My only dolls’ house was an upturned apple case and no doubt they were used for countless other purposes, even split up as kindling for the fire.

Here is the steamed pudding recipe;

SOUTHPORT PUDDING

6 ozs fresh breadcrumbs

6 ozs cooking apples

6 oz sugar

1 gill milk

1 dessertspoon light brown sugar

3ozs shredded suet or butter

2ozs candied peel or raisins

2 eggs

2 small teaspoons baking powder

Grease a pudding basin and sprinkle with the brown sugar. Peel, core and cut apples into small pieces. Place in a bowl with candied peel (or raisins), sugar, baking powder, suet (or melted  butter) and breadcrumbs.  Add well beaten eggs and milk. Mix well. Place in padding basin and cover with greased paper. Steam two to two and a half hours. Serve with cream and boiled custard.

Delicious and comforting in a chilly Tasmanian  winter!

She also made a simple dish by laying scone mixture over stewed apple in a saucepan. The lid was put on and the dough steamed and swelled. Even I can make this!

THE NEXT GENERATION

My  brother  now lives on what remains of the original farm and a few  years ago he took some grafts from the apple tree, which was then over a hundred years old.  Co-incidently, the farm was owned much earlier by my great-great-aunt,  Maryanne Eastley,  who may well have planted it.   In late winter  2005  my brother kindly  posted  my little tree to the Blue Mountains,  bare rooted.  He had wrapped the roots in damp sponges, encased the whole tree in cardboard then bound the parcel  with so much packing tape  it resembled  a small Egyptian mummy. It was delivered Express Post early one morning and Rob brought it into the bedroom with my cup of tea and toast.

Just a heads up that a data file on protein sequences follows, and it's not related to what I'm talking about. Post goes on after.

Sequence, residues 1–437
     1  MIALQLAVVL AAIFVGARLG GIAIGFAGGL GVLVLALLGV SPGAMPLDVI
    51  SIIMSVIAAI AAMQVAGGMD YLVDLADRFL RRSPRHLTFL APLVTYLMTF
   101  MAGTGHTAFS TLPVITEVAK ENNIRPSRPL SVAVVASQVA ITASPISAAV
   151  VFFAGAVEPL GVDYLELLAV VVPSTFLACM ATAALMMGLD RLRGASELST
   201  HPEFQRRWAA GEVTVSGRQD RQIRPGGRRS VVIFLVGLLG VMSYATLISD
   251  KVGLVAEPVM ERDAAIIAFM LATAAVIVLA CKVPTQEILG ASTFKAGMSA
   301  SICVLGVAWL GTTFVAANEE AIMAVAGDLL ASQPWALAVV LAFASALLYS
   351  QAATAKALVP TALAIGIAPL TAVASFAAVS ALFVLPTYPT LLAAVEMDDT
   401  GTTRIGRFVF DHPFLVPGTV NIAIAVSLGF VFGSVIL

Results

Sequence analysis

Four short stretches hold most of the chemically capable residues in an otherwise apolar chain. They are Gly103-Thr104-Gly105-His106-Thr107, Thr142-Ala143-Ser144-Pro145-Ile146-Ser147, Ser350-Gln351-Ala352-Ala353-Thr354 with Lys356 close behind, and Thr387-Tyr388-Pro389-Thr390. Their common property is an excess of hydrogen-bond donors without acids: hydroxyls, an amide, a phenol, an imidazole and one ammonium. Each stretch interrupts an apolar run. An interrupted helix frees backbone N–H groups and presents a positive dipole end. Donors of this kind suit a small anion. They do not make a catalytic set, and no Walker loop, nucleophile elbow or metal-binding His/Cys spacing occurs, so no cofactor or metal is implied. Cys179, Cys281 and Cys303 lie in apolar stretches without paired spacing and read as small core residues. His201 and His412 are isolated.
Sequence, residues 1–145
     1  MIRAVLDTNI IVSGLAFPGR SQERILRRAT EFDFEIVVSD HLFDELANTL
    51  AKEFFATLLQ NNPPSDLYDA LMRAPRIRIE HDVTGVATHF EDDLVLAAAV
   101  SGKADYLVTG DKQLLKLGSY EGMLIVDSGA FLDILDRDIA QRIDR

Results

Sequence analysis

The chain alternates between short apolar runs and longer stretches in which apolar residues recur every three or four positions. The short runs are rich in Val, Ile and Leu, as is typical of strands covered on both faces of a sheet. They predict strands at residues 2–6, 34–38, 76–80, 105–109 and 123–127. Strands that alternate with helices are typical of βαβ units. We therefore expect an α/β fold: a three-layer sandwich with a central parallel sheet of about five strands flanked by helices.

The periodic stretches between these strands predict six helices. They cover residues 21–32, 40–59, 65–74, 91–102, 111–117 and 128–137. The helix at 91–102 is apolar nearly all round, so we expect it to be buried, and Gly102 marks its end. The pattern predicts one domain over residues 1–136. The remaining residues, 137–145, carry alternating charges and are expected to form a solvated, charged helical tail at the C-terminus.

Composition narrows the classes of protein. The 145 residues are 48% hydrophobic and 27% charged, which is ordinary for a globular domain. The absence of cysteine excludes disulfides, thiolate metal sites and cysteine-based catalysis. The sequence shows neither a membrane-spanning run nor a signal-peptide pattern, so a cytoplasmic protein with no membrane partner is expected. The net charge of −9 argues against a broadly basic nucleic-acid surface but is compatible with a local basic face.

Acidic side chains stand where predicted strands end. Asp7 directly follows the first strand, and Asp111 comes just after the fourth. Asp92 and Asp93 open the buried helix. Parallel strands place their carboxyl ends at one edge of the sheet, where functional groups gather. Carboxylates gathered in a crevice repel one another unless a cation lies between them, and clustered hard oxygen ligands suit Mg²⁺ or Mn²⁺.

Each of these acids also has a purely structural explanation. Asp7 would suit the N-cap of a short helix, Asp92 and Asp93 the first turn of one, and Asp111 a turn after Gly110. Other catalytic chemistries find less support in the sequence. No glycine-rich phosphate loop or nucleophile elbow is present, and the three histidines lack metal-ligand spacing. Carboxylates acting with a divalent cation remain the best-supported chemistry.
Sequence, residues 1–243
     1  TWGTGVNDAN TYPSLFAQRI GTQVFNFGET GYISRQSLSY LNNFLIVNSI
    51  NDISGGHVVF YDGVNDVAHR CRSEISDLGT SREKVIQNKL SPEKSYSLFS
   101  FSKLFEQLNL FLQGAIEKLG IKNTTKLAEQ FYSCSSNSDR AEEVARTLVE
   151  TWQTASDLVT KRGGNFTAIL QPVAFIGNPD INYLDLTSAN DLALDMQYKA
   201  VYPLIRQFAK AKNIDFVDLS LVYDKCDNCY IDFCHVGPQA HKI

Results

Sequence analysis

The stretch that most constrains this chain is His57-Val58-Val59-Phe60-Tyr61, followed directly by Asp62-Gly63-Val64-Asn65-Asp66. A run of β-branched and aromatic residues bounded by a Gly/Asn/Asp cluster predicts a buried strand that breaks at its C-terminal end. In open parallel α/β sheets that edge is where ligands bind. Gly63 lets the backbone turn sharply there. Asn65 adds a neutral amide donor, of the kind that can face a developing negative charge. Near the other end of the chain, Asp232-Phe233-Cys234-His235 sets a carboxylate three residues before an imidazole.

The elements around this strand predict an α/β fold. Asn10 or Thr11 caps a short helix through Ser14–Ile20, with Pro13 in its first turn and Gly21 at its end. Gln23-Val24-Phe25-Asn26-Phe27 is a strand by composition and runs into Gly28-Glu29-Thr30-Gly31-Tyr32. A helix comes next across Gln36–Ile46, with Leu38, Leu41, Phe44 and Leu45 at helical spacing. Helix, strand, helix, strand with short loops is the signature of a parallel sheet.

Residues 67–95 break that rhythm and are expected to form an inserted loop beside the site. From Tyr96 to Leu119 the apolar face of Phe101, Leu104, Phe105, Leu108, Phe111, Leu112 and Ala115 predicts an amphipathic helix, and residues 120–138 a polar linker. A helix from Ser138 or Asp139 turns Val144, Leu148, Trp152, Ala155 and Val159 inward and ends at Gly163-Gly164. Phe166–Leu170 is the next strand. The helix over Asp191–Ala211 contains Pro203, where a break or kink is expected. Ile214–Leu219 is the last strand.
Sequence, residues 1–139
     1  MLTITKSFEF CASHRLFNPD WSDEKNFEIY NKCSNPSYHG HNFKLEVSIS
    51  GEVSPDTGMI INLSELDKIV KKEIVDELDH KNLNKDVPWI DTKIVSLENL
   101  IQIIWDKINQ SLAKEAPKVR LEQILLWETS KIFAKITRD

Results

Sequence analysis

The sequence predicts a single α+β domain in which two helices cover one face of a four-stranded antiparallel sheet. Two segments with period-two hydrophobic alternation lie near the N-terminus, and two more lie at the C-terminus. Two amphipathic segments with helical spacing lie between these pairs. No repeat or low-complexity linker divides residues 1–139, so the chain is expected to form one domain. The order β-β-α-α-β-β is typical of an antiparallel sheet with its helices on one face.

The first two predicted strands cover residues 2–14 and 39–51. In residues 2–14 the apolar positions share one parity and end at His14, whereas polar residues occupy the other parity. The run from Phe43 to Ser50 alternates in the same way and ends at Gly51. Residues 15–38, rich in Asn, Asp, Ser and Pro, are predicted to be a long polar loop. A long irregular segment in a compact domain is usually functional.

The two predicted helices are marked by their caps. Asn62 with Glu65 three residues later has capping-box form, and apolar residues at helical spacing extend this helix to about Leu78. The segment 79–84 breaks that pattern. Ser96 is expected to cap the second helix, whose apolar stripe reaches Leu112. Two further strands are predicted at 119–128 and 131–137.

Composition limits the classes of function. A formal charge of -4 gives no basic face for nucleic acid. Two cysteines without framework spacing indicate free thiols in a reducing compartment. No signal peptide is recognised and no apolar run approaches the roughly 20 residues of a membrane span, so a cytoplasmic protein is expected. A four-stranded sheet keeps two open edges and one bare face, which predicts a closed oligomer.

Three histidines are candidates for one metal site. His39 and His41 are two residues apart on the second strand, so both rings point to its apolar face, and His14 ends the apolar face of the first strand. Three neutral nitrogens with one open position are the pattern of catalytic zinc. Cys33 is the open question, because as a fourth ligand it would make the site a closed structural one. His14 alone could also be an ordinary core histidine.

In goes Ernie Jnr.

In goes Ernie Jnr.

 

 

 

 

 

 

 

 

 

 

 

 

 

 

 

 

 

 

 

 

 

 

 

 

It has grown quite a bit since then.

Not doing too badly.

Not doing too badly.

A year or two later  we spent a few weeks in Tassie and went back to the farm, where the original tree was as healthy as ever. (Update… It has since died, after being struck by lightening.)

When I came home in October my own little tree was in blossom and  later produced  a dozen pea sized apples. A friend advised me remove them until the tree was bigger but I couldn’t bring myself to (nature intervened and they fell off anyway).  I have  since had a small, but ‘proper’ crop.